Sunday, 25 July 2010

Drugs: Just Say "No Idea"

In The Observer today there is a piece with a scare-mongering scream of a headline; 'Gay men and lesbians are putting their health at risk by abusing drugs.'
That line was almost certainly written by a sub - almost everyone working in the field avoids the term "drug abuse" as it's judgmental and pejorative, but anyway...
"Homosexuals are more than three times more likely to use illicit substances, study reveals", reads the sub-heading.
Well, it doesn't really reveal that. The article is referring to a report by the UK Drug Policy Commission, The Impact of Drugs on Different Minority Groups: A Review of the UK Literature, which, as the name infers, isn't so much a study, but a review of existing literature on the subject, ie actual studies.
The "three times" figure is just an "estimate" mentioned in the British Crime Survey.
What the new report appears to be arguing - it's not published til Monday - is that drug agencies need to think about tailoring their work towards different minority groups.
The article lists three "findings" about gay drug use - all are as obvious as "finding" that rain is wet or fire burns.

" ■ Illicit drug use among LGBT groups is higher than among their heterosexual counterparts
■ LGBT people may also be at risk of misusing other drugs, such as steroids
■ Use of some types of drugs may be associated with risky behaviour, including exposure to HIV infection."


If you're writing a news feature about any subject, it's always a good idea to talk to one or two experts in the field.
It bumps up the word count and pads it out nicely, for one thing.
You can drop in a few wise words from them, show how opinions may differ and fifteen minutes on the phone to them is often a good way to get a quick crash course in a subject you may know little about.
You can also get them to answer your own queries, fill in the gaps in your knowledge, and if you're amoral, pass off some of their ideas as your own.
When writing about gay issues, the default position for many straight journalists is to speak to Peter Tatchell and/or Stonewall's Ben Summerskill - they give good good quote and their names sound authoritative.
Problem is no-one is an authority on everything, and they get asked about anything, from soap opera to Chinese opera.
The second most popular go-to guys for a gay quote are the editors of gay magazines; surely they must know their pink onions?
The Observer article has been written by Jamie Doward, The Observer's Social Affairs Editor.
It would appear Tatchell and Summerskill were uncharacteristically both unavailable for comment, but Doward does get given a few (unilluminating) lines by Stonewall's press officer, Gary Nunn.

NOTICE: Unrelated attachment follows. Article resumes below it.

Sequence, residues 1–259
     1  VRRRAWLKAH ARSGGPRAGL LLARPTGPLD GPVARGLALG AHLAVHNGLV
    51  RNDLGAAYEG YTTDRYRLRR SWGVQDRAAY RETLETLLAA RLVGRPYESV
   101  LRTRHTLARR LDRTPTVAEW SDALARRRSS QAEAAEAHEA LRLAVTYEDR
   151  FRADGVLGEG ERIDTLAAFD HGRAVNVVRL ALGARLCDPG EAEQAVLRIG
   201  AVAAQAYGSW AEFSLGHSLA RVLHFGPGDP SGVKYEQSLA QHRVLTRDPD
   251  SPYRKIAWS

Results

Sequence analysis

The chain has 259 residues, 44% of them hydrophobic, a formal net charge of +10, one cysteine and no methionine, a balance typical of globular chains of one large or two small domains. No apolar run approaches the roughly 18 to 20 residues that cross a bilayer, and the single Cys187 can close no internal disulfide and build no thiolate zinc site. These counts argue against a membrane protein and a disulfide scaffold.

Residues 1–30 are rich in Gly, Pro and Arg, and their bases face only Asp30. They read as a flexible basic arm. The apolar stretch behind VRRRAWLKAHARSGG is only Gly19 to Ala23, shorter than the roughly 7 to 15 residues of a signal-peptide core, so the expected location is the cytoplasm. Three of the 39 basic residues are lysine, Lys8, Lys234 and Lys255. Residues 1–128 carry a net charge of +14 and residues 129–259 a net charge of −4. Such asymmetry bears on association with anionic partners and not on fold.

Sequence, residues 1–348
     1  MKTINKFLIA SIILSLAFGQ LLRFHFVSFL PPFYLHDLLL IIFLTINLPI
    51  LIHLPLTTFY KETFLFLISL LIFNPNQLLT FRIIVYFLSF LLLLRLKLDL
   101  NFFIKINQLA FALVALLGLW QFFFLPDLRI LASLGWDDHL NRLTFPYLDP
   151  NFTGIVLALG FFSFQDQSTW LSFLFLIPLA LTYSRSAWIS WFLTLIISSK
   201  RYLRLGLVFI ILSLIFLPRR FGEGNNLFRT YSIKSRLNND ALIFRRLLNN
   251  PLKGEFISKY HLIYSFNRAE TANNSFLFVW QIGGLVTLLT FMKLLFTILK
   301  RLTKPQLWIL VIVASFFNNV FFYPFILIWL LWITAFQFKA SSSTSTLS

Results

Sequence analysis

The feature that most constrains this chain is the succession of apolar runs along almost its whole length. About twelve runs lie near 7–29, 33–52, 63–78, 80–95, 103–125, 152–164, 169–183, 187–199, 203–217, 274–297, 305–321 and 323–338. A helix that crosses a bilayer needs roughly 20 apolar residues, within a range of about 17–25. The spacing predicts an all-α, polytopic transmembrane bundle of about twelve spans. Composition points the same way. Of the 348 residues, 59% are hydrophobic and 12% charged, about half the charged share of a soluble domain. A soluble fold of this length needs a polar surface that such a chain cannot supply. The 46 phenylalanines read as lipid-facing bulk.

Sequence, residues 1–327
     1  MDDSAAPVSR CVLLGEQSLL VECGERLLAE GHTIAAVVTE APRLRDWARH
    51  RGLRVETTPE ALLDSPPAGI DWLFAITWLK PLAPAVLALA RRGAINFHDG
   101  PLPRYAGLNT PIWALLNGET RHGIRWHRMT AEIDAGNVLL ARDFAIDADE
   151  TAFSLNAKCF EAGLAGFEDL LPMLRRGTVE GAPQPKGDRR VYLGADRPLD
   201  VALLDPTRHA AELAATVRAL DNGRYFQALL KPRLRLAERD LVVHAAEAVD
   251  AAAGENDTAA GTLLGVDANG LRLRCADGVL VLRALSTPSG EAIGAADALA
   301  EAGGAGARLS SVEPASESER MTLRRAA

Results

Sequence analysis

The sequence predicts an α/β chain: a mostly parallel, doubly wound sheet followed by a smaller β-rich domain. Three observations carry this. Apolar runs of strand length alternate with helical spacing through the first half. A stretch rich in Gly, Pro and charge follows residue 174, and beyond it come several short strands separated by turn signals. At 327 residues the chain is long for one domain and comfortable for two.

Doward also talks to Tris-Reid Smith, who's billed as "editor-in-chief of the Pink Paper".
It indicates that Doward may not be too au fait with the world of gay that he hasn't mentioned Reid-Smith's main job, editor of GT (Gay Times).
It also indicates that Doward may not be too au fait with the world of gay that he's asking Tris Reid-Smith of all people about gay men and drugs and clubs.
Reid-Smith is such a nerd and so dull and naff he probably thinks putting chocolate sprinkles on his Ovaltine is a bit racy.
He could have done the decent thing and said; "I'm really not the best person to talk to about drugs and clubs, I don't know much about them, you should talk to..."
But vanity prevails - like many journalists he's not going to turn down an opportunity to see his name in print - and he proceeds to spout forth nonsense.
Asked why lesbians and gay men "appear to be heavier drug users than heterosexuals", Reid Smith admits he doesn't have a clue; "Nobody can know and we're just guessing. Relatively little research has been done on this subject."
And why does he think "the LGBT community tend to be early users of new drugs"? He proffers; "We tend to be early adopters of technology; maybe we are early adopters of other things too."
Maybe indeed.
But wait - there's more! "Gay people in their day-to-day lives, working in regular offices, have very little access to gay lifestyle other than in evenings, which are focused around bars and clubs – and clubbers are more likely to take drugs."
Well, It's certainly something to think about.
Presumably by now emboldened, Tris even suggests a solution to the evil scourge of gay drug "abuse"; 'He suggested a flourishing gay sports community could offer clues. "If those kind of healthy alternatives to the bar and club scene were more available, we would see fewer gay and lesbian people drinking, smoking and drug-taking. People would have another outlet."
So that's a "Just say no", then?
Next time Tristram, why not just say; "I don't know".


  1. Unless I'm going mad, I can't see this article in the print edition.
    Maybe it got bumped to make way for a Hurricane Higgins tribute?

  2. EDIT: Doward probably prioritised mentioning Reid-Smith was editor of The Pink Paper as they are "media partners" to the report.
    See Tuesday July 27th blog above this, 'This Is Your Brain On Pink Media' -